By Shivani Mohan and Brandon Klar
With the evolving pressures faced by the healthcare industry today, health systems across the country, such as Jefferson Health (Philadelphia, PA), realize it is time for dynamic change to stay relevant, but are challenged to balance short-term needs with enterprise transformation. Jefferson Health operates in the fiercely competitive Philadelphia healthcare market and has experienced expansion over the past five years with new affiliate partners across a broad geography. In 2017, Jefferson Health embarked on an eight-year partnership with GE Healthcare. It was designed with a long-term horizon because both parties acknowledged that sustained improvements over the long-term must include foundational, transformational, and aspirational results. For the past 20 months since the partnership launch, leadership has been focused keenly on:
- driving financial and operational performance improvements that need to be addressed across the enterprise now; and
- designing and activating innovations that will facilitate the organization’s vision of “reimagining health, education, and discovery to create unparalleled value.”
To drive financial and operational performance improvement across the enterprise now, the team is focusing on successfully improving revenue cycle operations, human capital efficiency, talent acquisition, seamless access, physician enterprise management, growth, system integration, and clinical care redesign. As a result, the organization met and surpassed its financial goals during the first year. But to do so in an environment that is evolving quickly required leveraging tools both tried and true (process re-engineering, change management, lean, and organized program management) as well as more unique analytic tools such as simulation modeling using a “digital twin” of the hospital.
The second year of the partnership involves the implementation of predictive analytic tools that leverage the organization’s own information systems supplemented with algorithms using artificial intelligence to create a multi-hospital “clinical command center” that will ultimately utilize common applications across the system to maximize patient safety, efficient use of acute services, and load balancing for ancillary resources to enhance patient throughput and access. While the emphasis has been on building the foundational blocks for a high reliability organization and harmonization across the enterprise thus far, the goal is to build upon those blocks to truly transform the way healthcare is delivered.
As the relationship evolves, the partnership’s focus will assure that foundational improvements are maintained, and that new opportunities are identified to partner on delivering innovative care across the healthcare continuum. This may include leveraging AI to improve clinical safety and productivity, expanding the use of predictive analytics to improve access across the continuum, and co-developing strategies for precision health.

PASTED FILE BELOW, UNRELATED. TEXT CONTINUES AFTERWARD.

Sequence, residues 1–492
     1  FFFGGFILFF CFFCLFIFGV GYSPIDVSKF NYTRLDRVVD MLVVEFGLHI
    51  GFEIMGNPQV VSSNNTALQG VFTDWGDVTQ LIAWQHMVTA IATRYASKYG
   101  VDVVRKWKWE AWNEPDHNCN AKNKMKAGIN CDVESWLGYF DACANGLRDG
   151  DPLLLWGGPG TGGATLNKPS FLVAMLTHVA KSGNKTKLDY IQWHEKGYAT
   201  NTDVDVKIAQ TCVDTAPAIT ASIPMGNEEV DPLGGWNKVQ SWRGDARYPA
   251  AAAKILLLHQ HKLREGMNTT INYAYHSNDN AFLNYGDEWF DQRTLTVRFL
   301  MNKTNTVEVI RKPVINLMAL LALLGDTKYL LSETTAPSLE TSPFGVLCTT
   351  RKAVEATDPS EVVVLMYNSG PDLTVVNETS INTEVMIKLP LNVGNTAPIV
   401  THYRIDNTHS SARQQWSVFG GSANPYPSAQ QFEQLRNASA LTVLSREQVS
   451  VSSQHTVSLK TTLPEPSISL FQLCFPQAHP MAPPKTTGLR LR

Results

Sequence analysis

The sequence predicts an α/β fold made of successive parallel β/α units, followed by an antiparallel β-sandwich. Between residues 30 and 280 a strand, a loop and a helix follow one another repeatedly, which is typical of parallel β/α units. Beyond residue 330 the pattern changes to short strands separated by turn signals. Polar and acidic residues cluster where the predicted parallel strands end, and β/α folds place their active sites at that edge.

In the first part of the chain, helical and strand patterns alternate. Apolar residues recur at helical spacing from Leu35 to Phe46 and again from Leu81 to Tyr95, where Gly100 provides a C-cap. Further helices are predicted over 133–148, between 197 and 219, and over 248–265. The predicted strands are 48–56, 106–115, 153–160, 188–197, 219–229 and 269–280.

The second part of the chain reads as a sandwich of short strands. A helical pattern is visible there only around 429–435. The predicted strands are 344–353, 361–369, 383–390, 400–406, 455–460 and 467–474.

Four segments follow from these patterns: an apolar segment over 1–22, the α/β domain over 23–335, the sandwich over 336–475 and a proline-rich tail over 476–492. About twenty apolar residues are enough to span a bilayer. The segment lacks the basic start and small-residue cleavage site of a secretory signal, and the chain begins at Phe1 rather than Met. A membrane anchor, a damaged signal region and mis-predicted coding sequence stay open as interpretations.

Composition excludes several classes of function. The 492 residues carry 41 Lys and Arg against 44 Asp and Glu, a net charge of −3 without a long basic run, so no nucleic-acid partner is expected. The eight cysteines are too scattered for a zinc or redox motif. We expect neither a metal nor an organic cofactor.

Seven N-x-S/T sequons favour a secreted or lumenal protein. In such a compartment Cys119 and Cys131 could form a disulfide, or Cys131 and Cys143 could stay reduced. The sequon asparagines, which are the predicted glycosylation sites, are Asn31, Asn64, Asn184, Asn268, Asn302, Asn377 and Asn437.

Jefferson and GE Healthcare are in the healthcare industry together because they care about delivering high quality patient outcomes and creating a space for engaged employees to continually improve the care experience for consumers as well as themselves. A critical aspect of the partnership, especially considering constant change both in the environment and for an evolving health system is the use of a “relational governance” structure to manage the relationship. The concept of one unified GE Healthcare and Jefferson team with one goal is a direct result of this structure. It creates a safe forum for transparent feedback and cross organizational collaboration and alignment, and adjustment if necessary. As a result, if organizational needs change or unforeseen circumstances arise, it allows for both organizations to be nimble and pivot as needed on the collective approach, while the focus on the desired outcomes remains steadfast. This, along with a business model that aligns the organizations to the same goal creates the cornerstone for an enduring relationship. So far, after a year and a half, this model has already allowed the parties to shift resources, areas of emphasis, and approach to achieve short-term results while the activities driving bolder innovation can continue.
Brandon Klar, MHSA, is a managing director at GE Healthcare Partners with over 15 years of experience in healthcare management. He specializes in strategic and business planning advisory services, including service line planning, master facility planning, and transaction work (e.g., mergers, acquisitions, affiliations, joint ventures). He has extensive experience in the creation of strategic partnerships, the facilitation of inaugural health system strategic plan development, as well as the creation and implementation of business plans of efficiency, system-wide integration plans and clinical programmatic alignment plans.
Shivani Mohan., MBA, is senior director at GE Healthcare Partners with over 11 years of experience in healthcare consulting and management. Her experience includes building high-performance teams, developing strong client relationships, establishing rapport and credibility with individuals at all levels, and creating practical solutions to complex business challenges. Her in-depth knowledge of operational, clinical, and information management needs pertaining to hospitals, large integrated delivery networks, academic medical centers, medical practices, executives, physicians, and other healthcare delivery professionals, enables her to design unique strategies for execution.